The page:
|'One Touch of Venus': Love at First Sight|
I wish that I were reviewing one of the half-dozen movies certain to be made when this pox upon our house is no more. But until that glorious return to normality has us resuming all the simple joys of life we take for granted, going to the movies being among my favorites, I'll be retro-reviewing and thereby sharing with you the films that
|'Emma': Coming Late to the Party|
Point of disclosure: I find no movies more difficult to review than those I've bunched into the category I call: "Film Adaptations of 18th and 19th Century British and American Comedies of Manners, and those More Currently Written Paeans, like 'Downton Abbey,' Emulating said Bygone Style to Please Adults who Grew Up on the
|'The Way Back': Hoosiers, Too|
Occasionally, especially in unstable times, a predictable movie like Gavin O'Connor's "The Way Back," about a former basketball phenom on the skids who seeks grace by coaching the ragtag team at his alma mater, instills a salubrious sense of order, albeit for only 108 minutes.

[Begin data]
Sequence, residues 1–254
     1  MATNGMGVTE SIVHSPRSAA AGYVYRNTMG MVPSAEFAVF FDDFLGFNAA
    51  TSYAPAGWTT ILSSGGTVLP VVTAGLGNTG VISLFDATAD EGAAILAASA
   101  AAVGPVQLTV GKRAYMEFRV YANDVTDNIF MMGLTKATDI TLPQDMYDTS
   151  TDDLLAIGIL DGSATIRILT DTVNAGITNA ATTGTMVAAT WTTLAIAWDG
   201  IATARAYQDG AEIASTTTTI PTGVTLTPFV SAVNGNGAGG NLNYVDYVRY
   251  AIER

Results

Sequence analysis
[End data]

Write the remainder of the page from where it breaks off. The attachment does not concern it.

Truth be told, I never really liked
|'The Call of the Wild': Mush to the Theater|
In the closing credits of director Chris Sanders's presentation of Jack London's "The Call of the Wild," a wholesome tale of the courage, honor and loving devotion between man and dog that hopefully won't be lost on our adolescent population, there is a curiously inherent contradiction.
The lists of folks
|'Downhill': It's all Relative|
"Downhill," an Americanized adaptation of Swedish writer-director Ruben Östlund's "Force Majeure," a Golden Globe nominee for Best Foreign Language Film, doubtlessly lost something in the translation. Indeed, this variation on a comedy-drama about a family on an Alpine ski vacation evokes a smidgen of its
|'Oscar & The Greatest Movie that Might Never get Made'|
Mrs. O'Shaughnessy, my landlady lo these many years, knocked on my door. "Telephone downstairs for you, Mr. Goldberger. I think it's that same nasty man who called you last year at Oscar time. Oh, 'tis a bad business, I fear."
Mrs. O'Shaughnessy, who prided herself on only letting her rooms to
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